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  20. Robert J. Stainton (ed.) (2006). Contemporary Debates in Cognitive Science. Malden MA: Blackwell Publishing.
  21. Robert J. Stainton, The Things We Mean, by Stephen Schiffer.
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  22. Robert J. Stainton (2006). Meaning and Reference: Some Chomskian Themes. In Ernest Lepore & Barry C. Smith (eds.), The Oxford Handbook of Philosophy of Language. Oxford University Press. 913--940.
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  23. Robert J. Stainton (2006). Revenge (La Venganza). Critica 38 (112):3 - 20.
    This paper discusses, in a preliminary manner, what revenge is. (It does not address the rationality or moral standing of revenge.) In particular, it proposes four elements of revenge --an agent, a recipient, a harm intended by the former, and a harm done by the latter which provokes the revenge. Based on these four elements, it highlights both agent-internal conditions for getting revenge, and agent-external ones. Along the way, the paper contrasts revenge with related phenomena like merely getting even, and (...)
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  24. Robert J. Stainton (2006). Terminological Reflections of an Enlightened Contextualist. [REVIEW] Philosophy and Phenomenological Research 73 (2):460–468.
    From the perspective of certain contextualists, the most worrisome theses of Cappelen & Lepore’s Insensitive Semantics would seem to be: T1: The only context sensitive items are the basic and obvious ones, i.e., pronouns, demonstratives, etc.; T2: Once referents are assigned to these basic and obvious items in a (declarative) sentence, that sentence has truth conditions; T3: This truth-conditional content is asserted when the sentence is used; T4: The content of the assertion made is not thereby fixed, however, because speech (...)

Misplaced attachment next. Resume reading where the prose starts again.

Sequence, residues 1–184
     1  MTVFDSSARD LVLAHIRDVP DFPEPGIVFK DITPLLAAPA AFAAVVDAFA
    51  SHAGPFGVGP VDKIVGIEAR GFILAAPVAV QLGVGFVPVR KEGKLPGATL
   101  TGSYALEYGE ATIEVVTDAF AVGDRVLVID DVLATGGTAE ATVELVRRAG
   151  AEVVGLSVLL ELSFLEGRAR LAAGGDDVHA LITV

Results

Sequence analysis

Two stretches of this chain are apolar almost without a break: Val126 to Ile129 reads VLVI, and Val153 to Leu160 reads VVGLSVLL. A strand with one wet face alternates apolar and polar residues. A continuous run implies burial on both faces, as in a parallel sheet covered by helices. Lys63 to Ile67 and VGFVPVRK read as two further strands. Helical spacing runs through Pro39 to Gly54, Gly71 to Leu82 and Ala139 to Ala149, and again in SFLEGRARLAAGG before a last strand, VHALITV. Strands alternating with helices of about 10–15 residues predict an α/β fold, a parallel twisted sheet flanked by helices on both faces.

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  25. Robert J. Stainton, Marile-Odile Junker & Catherine Wearing, The Semantics and Syntax of Null Complements.
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  26. Robert J. Stainton & Catherine Wearing (2006). Review of Insensitive Semantics, by Herman Cappelen & Ernie Lepore. [REVIEW] Journal of Linguistics 42 (1):187-190.
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  27. Andrew Botterell & Robert J. Stainton (2005). Quotation: Compositionality and Innocence Without Demonstration. Critica 37 (110):3-33.